Wednesday, 3 February 2016

The Greks Bring Gifts

Murray Leinster The Greks Bring Gifts (1964)
The more Leinster I read - although I should probably point out that this is only my third - the more I suspect his legend should loom at least a little larger than is presently the case. I'm not sure if he quite qualifies as a great lost master, but he's seriously fucking readable for someone you've probably never heard of, and I've yet to encounter a Murray quite so disappointing as certain crimes against fiction committed by numerous better established authors - Isaac Asimov, Poul Anderson and the rest.

The Greks Bring Gifts is, as you may have guessed from the title, the story of the alien Greks arriving on earth to share the bounty of their advanced technology with us humans, but the gifts come with a price and it turns out that the Greks are complete cunts. It's almost an allegory for everything ever done by white people when arriving in foreign lands populated by persons without television, although I'm not sure the parallels are deliberate so much as that this is a tale hung from the same basic lesson - something it shares with the more recent Singularity Sky by Charles Stross from what I can recall. The story is related in the comfortable tones of an elderly neighbour spinning tales from his stoop on a warm evening, following its protagonists along a detective trail of alien technology, archaeology, and the ethics of slavery. The FBI turn up to lend a helping hand from time to time, contributing to a feeling that The Greks Bring Gifts could quite easily have been an episode of The Outer Limits, I suppose deriving from an era in which government agency was held to be something you could trust at least some of the time.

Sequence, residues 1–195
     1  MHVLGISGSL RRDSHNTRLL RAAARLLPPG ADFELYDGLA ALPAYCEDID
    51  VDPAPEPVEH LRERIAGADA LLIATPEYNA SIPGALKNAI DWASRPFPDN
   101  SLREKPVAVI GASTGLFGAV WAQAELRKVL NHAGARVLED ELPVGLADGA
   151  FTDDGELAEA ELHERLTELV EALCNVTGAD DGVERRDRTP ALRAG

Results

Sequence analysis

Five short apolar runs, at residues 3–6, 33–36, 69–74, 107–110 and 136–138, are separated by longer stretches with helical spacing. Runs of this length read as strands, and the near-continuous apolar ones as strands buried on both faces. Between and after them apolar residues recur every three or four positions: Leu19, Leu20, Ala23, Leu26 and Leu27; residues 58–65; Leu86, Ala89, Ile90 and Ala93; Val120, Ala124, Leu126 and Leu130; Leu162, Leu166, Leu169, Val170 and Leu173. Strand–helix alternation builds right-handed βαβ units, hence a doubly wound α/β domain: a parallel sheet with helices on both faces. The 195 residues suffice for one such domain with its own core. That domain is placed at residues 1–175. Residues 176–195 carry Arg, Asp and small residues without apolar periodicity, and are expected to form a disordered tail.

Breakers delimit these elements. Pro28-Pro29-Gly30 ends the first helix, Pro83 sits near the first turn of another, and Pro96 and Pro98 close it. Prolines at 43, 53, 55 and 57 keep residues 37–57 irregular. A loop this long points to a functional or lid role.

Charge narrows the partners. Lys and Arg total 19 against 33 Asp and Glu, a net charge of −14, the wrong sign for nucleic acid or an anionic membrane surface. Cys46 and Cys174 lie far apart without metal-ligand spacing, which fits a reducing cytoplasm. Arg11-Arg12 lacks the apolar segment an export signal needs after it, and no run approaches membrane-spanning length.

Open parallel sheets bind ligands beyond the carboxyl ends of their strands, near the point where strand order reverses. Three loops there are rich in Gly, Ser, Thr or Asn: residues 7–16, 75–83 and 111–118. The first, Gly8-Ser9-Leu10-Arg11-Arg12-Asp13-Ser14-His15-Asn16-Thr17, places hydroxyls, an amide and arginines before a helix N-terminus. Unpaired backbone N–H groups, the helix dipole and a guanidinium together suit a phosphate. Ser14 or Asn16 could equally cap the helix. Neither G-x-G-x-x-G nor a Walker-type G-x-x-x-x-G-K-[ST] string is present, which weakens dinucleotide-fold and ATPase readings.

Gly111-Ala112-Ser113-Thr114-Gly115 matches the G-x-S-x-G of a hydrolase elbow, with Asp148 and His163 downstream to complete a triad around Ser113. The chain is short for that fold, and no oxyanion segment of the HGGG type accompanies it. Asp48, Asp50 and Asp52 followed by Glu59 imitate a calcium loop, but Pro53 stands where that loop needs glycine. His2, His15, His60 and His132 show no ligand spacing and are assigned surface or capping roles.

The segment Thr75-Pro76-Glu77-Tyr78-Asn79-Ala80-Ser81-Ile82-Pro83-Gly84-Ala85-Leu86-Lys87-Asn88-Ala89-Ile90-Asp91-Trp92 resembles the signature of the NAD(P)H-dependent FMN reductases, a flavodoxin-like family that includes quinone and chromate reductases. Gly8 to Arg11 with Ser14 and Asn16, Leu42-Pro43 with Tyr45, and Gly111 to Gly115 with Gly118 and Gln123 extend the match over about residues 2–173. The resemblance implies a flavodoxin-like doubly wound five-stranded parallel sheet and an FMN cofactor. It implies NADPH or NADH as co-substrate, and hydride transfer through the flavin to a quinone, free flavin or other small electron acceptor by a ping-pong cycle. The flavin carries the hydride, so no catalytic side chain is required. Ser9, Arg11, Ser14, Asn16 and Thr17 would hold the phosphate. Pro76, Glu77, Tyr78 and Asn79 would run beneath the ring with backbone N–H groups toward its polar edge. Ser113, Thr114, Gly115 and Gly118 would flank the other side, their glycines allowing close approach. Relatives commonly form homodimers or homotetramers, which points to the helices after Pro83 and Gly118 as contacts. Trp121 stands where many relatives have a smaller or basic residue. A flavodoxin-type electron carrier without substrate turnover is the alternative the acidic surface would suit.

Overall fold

I may have made the book sound unambitious or even a little dull, but the appeal is in the telling, and Leinster had a wonderful voice. By some terms he might be regarded as a hack or simply a pulp author, churning out genre fiction across the board under a variety of different pseudonyms, one after the other; but then it can hardly be denied that he'd put in the man hours and was very, very good at his craft. His conversational narrative draws you in immediately, and keeps hold for...

Well, I have to admit, this one seemed to slacken off at about the half way mark. It isn't that it lost the plot so much as that I had a feeling of characters trying to keep themselves busy until the big pay off at the end of the book. I wonder if this might be a clue as to Leinster no longer being quite the name he once was, namely that he was simply better at the short form and was less able to sustain momentum at novel length. My previous Murrays have been a short story collection and a novel which turned out to be three short stories utilising the same character. It isn't that The Greks Bring Gifts is in any sense bad, just that it feels a little like the author would have been happier writing something with less of a page count. I'm still going to be keeping an eye out for more from this guy.

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